Former Soviet Union Advanced Weaponry

Former Soviet Union Advanced Weaponry

The following documents are about the research and intelligence about the former Soviet Union’s weapon capability during the post WWII and Cold War eras.

Cost as a Factor in Soviet Weapons Decisionmaking [9 Pages, 610KB] – Intuitively, one believes that cost ought to be a significant decisionmaking factor in the Soviet weapons acquisition process. If that is indeed true, then DoD decisionmakers should be quite interested in when, how, and to what extent cost shapes the outcome of the Soviet weapons acquisition process. However, interest alone is not enough. There must also be sufficient data available about the role that cost plays in the process. With these perspectives in mind, the authors undertook this project, under IDA’s Independent Research Program, aimed at: (1) ascertaining whether DoD officials were in fact interested in the impact of cost in shaping Soviet weapons choices, and, if so, where this concern might play in the U.S. decisionmaking process; as well as (2) identifying potential data to address DoD’s concerns. The project was limited to about six man-weeks of effort (split between two analysts). Hence, the results are necessarily modest. Nevertheless, this preliminary investigation revealed that there is interest in the topic and that data are available to address several significant issues.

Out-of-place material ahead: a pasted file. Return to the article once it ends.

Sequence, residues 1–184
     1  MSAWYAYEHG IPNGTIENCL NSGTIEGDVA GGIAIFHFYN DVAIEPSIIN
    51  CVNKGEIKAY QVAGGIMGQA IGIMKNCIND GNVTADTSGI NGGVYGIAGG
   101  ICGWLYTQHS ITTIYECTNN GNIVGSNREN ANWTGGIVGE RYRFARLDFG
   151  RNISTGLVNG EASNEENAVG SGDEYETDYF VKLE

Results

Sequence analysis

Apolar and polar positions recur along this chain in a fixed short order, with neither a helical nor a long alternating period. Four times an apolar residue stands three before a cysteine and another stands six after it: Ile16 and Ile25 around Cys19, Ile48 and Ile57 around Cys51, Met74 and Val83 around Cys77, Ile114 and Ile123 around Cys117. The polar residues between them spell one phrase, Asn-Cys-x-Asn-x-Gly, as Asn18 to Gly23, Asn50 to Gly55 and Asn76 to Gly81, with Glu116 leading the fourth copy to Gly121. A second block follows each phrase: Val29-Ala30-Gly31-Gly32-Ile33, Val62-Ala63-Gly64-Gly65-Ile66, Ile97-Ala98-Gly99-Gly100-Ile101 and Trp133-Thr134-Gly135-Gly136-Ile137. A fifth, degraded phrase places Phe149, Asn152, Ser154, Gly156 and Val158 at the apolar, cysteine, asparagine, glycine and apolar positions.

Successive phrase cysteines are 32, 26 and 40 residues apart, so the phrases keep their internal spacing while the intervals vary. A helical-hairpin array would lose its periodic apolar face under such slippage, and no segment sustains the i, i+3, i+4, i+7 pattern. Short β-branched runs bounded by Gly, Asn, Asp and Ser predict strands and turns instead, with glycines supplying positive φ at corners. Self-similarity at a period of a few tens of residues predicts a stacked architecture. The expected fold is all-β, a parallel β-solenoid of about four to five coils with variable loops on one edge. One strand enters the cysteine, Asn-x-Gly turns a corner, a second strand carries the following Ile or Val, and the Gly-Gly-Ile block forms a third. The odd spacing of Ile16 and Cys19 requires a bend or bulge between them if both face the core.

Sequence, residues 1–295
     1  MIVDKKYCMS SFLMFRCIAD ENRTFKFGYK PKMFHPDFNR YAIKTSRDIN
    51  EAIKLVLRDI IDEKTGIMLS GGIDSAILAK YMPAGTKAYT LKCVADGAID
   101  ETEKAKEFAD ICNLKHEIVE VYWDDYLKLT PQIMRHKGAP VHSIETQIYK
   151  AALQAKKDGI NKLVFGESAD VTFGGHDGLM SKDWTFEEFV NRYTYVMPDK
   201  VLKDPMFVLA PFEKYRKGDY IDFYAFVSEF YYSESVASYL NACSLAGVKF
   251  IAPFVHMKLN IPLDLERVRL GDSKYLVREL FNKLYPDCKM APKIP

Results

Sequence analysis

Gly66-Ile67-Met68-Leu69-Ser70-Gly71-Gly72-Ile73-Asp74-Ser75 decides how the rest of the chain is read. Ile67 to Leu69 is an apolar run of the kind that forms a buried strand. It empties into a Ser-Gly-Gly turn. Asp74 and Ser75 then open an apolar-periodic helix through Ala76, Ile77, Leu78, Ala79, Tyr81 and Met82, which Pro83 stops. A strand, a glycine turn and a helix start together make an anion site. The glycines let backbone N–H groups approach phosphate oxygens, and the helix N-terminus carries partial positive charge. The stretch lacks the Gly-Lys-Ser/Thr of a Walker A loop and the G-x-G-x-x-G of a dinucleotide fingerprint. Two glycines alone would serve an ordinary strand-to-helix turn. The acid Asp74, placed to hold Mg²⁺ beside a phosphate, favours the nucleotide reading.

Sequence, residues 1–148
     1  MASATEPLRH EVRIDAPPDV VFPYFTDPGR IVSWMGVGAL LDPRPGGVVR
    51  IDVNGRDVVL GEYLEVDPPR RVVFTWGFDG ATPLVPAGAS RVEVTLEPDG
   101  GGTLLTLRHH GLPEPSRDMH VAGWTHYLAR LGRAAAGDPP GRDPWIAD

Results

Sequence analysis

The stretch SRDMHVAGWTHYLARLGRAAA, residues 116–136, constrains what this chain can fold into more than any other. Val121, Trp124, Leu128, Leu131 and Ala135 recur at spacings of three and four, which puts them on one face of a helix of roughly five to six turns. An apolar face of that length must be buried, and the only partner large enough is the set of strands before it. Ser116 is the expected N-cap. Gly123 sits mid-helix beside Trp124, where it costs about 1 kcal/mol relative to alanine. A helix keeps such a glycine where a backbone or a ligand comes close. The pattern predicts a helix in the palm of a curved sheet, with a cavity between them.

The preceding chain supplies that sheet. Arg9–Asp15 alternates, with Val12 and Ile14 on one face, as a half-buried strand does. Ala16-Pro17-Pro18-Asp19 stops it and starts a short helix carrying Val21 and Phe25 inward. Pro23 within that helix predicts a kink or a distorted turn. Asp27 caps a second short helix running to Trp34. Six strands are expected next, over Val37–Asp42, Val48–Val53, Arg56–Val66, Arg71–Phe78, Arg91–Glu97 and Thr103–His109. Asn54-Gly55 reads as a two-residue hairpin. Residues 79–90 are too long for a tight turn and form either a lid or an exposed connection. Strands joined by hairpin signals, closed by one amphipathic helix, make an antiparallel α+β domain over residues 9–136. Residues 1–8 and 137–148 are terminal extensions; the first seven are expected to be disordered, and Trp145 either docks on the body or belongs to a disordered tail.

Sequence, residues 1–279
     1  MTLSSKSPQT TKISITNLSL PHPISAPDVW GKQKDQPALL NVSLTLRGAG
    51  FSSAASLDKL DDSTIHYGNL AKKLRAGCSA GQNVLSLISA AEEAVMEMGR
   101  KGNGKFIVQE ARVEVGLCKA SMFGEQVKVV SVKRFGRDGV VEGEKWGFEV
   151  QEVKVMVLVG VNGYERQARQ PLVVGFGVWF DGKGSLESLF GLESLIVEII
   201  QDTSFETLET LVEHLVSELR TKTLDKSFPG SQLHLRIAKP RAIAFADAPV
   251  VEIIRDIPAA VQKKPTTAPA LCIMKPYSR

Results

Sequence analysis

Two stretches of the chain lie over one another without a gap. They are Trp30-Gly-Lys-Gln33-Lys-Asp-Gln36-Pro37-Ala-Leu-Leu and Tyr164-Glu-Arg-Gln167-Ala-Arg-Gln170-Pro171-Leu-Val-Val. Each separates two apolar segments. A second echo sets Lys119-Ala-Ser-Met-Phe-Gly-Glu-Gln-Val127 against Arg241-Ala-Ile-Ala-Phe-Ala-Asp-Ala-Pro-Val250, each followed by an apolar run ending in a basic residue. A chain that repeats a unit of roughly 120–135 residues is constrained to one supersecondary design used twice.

Indications of a Soviet Particle Beam Weapon Program. I. High-Current Electron-Beam Propagation in Air [51 Pages, 7.6MB] – The note is the first in a series investigating, on the basis of evidence in Soviet open-source technical publications, the possible existence of a Soviet military program to develop charged-particle beam weapons and the probable history of such a program.

Indications of a Soviet Particle Beam Weapon Program. II. Pulsed Power Closing Switches, August 1981 [101 Pages, 2.5MB] – The note is the first in a series investigating, on the basis of evidence in Soviet open-source technical publications, the possible existence of a Soviet military program to develop charged-particle beam weapons and the probable history of such a program.

More Powerful than the Hyperboloid, 6 December 1967 [9 Pages, 610KB] – Many pre-World War II Soviet publications carried articles on the so- called death rays. More often than not, these articles, based largely on non-Soviet data, were pure science fiction. The few serious articles referred to deadly weapons using heat rays. The concept of weaponry changed drastically with the advent of lasers, which emit stimulated rather than thermal radiation. Mention is made of the use of lasers in multichannel communication systems, ranging of planetary surfaces, metallurgy, plasma diagnostics, biology, medicine, etc. The article also reviews Soviet contributions to the development of the laser.